Call Us : Phone: 952-322-3330 | Contact Us  



Can Your Workforce Stay at Home?

Posted by: Mary Gorski Posted Date: 12/16/2009

Have you considered keeping your workforce at home?    Allowing employees to work from home can be a benefit to both the company and worker.  Consider the cost benefits for the employee:

  • The average worker spends around $650.00 per month in transportation costs going to and from work
  • In some cases employees have to pay to park – this could easily exceed $300.00 per month.
  • Employees with children can spend anywhere from $400.00 to $1400.00 per month on day care.
  • The average worker spends 45 minutes to 90 minutes every day commuting.
  • Eating lunch at home is cheaper than preparing meals and taking them to work.
  • People who work at home are less likely to get sick and less likely to spread illnesses when they are sick. (getting sick costs money)
  • People who work at home don’t need to spend as much on clothing.
  • Despite some employer’s fears, recent studies indicate the people who work at home are more productive than their “on location” counter parts.
  • There are some interesting tax benefits for people who work out of their home.

In many cases someone who works at home could take a fairly healthy pay cut while actually making more money.  In other words, both the employee and employer could save money.

Other benefits from the employer standpoint:
  • Less facility costs – office space, lunchrooms, parking lots, desks etc all cost money – work at home employees should save companies considerable expenses even if businesses reimburse workers for home expenses.
  • Less clean up – people make messes.
  • Less Sick Time– many times people who may be sick enough to not come to work, or more than well enough to work at home.
  • Personnel issues such as work place conflict, abuse, petty jealousy, sexual harassment, etc all go away when the majority of your workforce works from home.
What are some downsides?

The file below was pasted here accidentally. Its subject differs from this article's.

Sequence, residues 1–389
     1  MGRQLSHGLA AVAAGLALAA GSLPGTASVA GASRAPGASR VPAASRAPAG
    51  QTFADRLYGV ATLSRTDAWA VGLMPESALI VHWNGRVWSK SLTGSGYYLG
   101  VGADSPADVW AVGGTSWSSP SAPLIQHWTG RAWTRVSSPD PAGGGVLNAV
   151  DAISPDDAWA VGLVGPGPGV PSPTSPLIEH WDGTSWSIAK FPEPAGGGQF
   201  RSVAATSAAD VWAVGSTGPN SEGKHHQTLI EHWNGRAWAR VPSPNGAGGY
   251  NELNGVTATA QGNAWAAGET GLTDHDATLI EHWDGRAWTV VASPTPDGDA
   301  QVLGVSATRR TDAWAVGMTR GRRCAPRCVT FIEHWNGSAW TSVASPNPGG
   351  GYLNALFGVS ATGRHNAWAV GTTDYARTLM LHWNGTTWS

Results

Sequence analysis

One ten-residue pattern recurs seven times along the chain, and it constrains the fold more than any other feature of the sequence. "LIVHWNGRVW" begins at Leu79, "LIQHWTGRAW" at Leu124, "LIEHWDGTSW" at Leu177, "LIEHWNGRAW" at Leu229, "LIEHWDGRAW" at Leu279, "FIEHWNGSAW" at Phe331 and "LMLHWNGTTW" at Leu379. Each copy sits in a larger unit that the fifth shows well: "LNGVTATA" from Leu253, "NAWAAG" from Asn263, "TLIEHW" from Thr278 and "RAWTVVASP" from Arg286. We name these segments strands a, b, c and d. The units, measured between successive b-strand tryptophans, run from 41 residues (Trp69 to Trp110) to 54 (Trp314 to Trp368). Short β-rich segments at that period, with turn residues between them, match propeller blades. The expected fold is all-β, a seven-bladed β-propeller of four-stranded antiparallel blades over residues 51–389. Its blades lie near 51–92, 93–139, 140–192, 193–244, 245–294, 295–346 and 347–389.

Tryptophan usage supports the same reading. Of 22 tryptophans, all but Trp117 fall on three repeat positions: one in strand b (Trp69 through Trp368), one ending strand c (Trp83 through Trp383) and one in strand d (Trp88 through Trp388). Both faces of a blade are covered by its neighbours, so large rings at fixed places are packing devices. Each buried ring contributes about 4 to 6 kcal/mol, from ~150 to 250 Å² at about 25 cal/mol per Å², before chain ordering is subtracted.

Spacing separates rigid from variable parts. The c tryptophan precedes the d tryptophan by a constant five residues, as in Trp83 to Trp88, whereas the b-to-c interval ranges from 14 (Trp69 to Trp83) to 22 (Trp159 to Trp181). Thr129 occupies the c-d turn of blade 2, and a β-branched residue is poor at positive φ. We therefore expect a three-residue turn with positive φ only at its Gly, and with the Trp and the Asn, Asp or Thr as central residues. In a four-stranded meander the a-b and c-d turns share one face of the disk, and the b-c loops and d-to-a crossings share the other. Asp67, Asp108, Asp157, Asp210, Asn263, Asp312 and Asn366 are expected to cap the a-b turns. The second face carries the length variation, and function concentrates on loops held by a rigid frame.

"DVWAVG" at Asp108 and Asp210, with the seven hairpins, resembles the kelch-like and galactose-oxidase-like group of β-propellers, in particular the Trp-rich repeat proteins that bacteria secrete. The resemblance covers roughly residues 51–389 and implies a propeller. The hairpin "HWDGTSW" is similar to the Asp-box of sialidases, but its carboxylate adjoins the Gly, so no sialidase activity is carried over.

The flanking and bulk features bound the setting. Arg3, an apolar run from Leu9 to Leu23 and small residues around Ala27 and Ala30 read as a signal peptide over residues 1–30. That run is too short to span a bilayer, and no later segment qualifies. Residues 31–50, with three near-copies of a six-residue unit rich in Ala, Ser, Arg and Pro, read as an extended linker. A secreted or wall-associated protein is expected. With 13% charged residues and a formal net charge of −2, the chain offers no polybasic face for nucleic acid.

• Many people miss the social element of work – not having daily people contact can be a major drawback.
  • Communication can be more difficult
  • Creating engagement without face to face interaction can be more challenging.
  • For some employers, not being able to actively monitor employees can be an issue (even thought studies show work at home employees are more productive.

What should you do to promote engagement in a telecommuting environment?

  • Make sure that you hire people that would thrive in that environment Use Pre-employment assessment to help identify the best people to work at home and be productive.
  • Have more social events that can bring people together.
  • Use technology to help with communication – web conferencing, web cams, chat rooms, social networking sites and more can be used to enable engaging and productive communication throughout your workforce.

Can You Fire Someone for a Facebook Post?

Posted by: Mary Gorski Posted Date: 12/08/2009

Are you coming to terms with social networking and your workforce?  Many companies are enacting policies regarding time spent surfing the internet, but very little is being done on what an employee can post on social networking sites.  

Some say it’s a personal issue and a freedom of speech and what someone posts on Facebook when they are away from work is none of your business.  Consider the following scenarios:

  • An employee of a health care organization posts malicious comments on elderly patients.
  • A restaurant server posts clever (but derogatory) comments about the sanitary conditions at her workplace. 
  • A disgruntled worker posts a “photo shopped” image of his supervisor in a compromising situation.

All of these posts can damage a businesses reputation; even good natured jokes can cause loss of business.

Employers have the right to make and enforce policies regarding what their employees may post on their sites.  Even though most networking sites are “private” and only seen by their “friends”,   what is seen by a few friends can be re-posted to other friends.  In my view, a post on a Facebook page is the same as placing a want ad in the newspaper.  In the age of “going viral”, any business has a right to protect itself. 

Of course enforcing such a policy is another thing, you probably would never find out about most of these posts and any aggressive investigation actions on your part may breech privacy rights.    So what can you do?

Going around spying or threatening is the worse thing you can do to promote employee engagement.  You have to trust your workforce.   The best bet is a well thought out policy regarding content on social networking sites.  Make it clear to the workforce that any content that could damage your businesses reputation can be grounds for discipline.